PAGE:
Vern Thrap has unwavering optimism.
Standing in a building in the midst of construction, he points at empty spaces. A coffee bar there. A deli farther in the back. Produce over there.
Tharp, president of Local Foods Campus, Inc., is confident …
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Tharp, president of Local Foods Campus, Inc., is confident his grocery store venture is closer to fruition.
Tharp’s project received another extension to be eligible for a sales tax rebate that he says is fundamental to making the store viable. The Westminster City Council, for a second time, approved 90-day extension for the financial incentive to help the new grocery store that promises locally sourced food.
“They were very, very, very helpful, but they wanted to see us make progress,” Tharp said of the city council.
He said the store will cost about $900,000 to open, not including the food.
The city started discussions with Local Foods Campus in the fall of 2015 then offered incentives in spring of 2016, according to John Hall, economic development director for the city.
The incentives included a $150,000 grant to the owner of the building — the former Albertson’s store at 72nd Avenue and Sheridan Boulevard — for interior improvements like floor grinding and painting.
The incentives also included a rebate of 70 percent of sales tax collected during a five-year period up to $953,000. The deadline was originally June 30, but pushed back to Sept. 30. Now, the deadline is Dec. 30. However, Tharp said he is hopeful the store could open by Thanksgiving.
“It all depends on the inspector,” said Sherman Wu, the building’s owner. “The building inspector, the health inspector. When they say, `OK,’ then we can open.”
On Oct. 18, Wu walked through the building with an electrician to discuss wiring of cold food storage and display cases while construction crews worked on drywall. Trenches that were along the perimeter in July have been filled in as the floor is smoothed out. While it appears there is still much to be done, Tharp describes what it will look like as though he’s looking at the finished product.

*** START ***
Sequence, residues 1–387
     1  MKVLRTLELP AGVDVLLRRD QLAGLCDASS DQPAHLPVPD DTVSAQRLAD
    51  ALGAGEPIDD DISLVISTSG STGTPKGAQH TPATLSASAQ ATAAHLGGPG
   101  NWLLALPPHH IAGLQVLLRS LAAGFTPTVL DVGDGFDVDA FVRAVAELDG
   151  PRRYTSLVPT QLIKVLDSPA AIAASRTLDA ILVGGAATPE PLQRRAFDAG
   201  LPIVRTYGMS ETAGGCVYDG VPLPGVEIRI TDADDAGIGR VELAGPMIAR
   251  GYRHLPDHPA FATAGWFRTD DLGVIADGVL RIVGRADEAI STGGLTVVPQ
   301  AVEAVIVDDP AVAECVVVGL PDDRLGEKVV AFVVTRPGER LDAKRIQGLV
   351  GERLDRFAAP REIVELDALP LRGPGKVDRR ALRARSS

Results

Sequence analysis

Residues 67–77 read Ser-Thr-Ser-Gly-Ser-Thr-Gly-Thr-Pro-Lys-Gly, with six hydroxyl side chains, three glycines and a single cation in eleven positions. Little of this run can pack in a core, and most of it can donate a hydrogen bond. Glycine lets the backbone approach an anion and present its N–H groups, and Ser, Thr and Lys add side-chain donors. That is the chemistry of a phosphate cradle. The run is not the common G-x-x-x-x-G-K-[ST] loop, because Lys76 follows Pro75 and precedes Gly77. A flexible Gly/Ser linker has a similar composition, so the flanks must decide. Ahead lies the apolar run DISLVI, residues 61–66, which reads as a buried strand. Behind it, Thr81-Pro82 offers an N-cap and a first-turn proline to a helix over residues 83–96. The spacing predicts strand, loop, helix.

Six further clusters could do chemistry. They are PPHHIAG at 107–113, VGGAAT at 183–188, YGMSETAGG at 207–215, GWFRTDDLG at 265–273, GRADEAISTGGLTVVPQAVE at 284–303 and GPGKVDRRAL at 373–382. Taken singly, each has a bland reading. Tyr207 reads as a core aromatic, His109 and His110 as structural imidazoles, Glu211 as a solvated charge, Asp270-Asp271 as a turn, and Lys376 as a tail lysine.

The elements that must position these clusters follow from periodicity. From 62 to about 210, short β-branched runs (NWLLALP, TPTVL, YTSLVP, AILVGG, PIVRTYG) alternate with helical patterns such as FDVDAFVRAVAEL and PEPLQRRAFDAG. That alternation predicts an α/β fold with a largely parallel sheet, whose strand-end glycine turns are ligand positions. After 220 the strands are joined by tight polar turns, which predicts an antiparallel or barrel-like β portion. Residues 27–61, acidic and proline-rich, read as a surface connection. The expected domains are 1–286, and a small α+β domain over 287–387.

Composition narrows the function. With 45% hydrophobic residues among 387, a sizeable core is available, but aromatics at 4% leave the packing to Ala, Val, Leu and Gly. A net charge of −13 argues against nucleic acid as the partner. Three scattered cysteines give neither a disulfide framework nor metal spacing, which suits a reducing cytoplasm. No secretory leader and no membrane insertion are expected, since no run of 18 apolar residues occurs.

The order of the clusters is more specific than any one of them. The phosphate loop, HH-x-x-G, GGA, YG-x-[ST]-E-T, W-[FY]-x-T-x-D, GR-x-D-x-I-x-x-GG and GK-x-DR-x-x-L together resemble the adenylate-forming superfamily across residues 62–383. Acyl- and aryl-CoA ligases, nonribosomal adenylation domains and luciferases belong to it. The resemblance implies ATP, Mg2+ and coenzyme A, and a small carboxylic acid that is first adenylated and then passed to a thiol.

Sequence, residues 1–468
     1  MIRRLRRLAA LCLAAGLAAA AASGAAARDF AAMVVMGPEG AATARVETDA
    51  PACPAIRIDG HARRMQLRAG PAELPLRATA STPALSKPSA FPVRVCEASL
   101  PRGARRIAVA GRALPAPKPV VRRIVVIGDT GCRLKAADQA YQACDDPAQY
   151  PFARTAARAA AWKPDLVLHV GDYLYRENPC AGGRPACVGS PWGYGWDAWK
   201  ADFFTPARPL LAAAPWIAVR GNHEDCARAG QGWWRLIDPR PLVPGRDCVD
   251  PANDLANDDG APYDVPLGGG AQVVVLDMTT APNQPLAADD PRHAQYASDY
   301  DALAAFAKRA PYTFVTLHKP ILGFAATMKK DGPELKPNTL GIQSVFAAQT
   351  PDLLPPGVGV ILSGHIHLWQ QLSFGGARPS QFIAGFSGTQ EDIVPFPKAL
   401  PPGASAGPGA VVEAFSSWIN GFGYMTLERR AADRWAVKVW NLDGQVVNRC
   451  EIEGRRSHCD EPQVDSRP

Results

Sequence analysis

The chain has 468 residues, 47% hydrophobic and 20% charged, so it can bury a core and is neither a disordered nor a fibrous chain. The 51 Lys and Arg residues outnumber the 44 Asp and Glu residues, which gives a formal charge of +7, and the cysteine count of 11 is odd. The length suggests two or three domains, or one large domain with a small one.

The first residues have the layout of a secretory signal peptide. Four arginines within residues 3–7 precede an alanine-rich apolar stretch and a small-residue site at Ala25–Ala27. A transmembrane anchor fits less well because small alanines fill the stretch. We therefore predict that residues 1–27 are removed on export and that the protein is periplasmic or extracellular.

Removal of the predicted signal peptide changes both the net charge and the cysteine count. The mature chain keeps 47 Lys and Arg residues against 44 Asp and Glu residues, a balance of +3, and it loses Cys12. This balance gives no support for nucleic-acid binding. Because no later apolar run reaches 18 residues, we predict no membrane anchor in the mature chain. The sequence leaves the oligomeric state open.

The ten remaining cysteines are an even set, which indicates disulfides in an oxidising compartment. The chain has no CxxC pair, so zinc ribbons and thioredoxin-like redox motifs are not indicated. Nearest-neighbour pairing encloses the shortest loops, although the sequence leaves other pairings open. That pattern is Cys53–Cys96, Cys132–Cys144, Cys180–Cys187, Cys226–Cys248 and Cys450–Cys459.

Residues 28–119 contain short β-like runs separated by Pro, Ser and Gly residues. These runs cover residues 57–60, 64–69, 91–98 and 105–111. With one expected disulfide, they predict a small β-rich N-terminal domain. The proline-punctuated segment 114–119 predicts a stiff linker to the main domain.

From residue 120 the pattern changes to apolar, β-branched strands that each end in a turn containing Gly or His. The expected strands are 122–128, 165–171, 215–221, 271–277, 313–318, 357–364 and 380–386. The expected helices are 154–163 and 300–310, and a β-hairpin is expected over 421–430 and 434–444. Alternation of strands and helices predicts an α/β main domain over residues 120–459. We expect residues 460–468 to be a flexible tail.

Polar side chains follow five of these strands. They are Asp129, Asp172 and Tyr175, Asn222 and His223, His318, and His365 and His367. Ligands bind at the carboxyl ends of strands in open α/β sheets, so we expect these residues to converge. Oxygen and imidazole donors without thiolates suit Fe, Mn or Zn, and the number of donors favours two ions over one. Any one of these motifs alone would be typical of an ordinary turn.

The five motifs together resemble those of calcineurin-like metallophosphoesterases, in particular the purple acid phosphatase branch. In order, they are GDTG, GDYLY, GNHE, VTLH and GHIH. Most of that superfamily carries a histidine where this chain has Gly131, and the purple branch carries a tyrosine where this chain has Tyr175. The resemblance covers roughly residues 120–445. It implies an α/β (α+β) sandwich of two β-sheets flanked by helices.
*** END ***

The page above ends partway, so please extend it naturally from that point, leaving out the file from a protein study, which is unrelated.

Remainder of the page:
“We’re trying to create a family place,” Tharp said, “a place for the neighborhood that’s affordable — fresh, healthy food that’s affordable. That’s a difficult blending to do.”
Tharp is promising that 70 percent of the approximately 5,000 products in the store will be sourced in or near Colorado, even in the winter months.
“Produce is only about 7 to 9 percent of our total products — they’re important products,” Tharp said.
He said there are still options for produce in the winter months and is working with Arkansas Valley Organic Growers for that.
“They do garlic, they do onions — they do a whole bunch of root crops that we can still get year-round,” Tharp said.
Tharp is also working with distributors like Denver-based Growers Organic, which provides organic produce from local and regional farms.
While there will be many canned, jarred or prepackaged items made locally, there will still be fresh options year-round in addition to produce like meat. There will be an in-house butcher.
“If we’re going to try to make local beef affordable, we’re going to have to cut it ourselves,” Tharp said.
Like many grocery stores, Tharp plans to have a “grab-and-go” area for quick and healthy sandwiches and salads. He touted convenience and affordable as two main goals.
“We’re the average guy’s Whole Foods,” Tharp said.
Tharp said the Local Food Market will also provide 35 to 50 jobs and hopes to employ as many people as possible from the surrounding neighborhoods.
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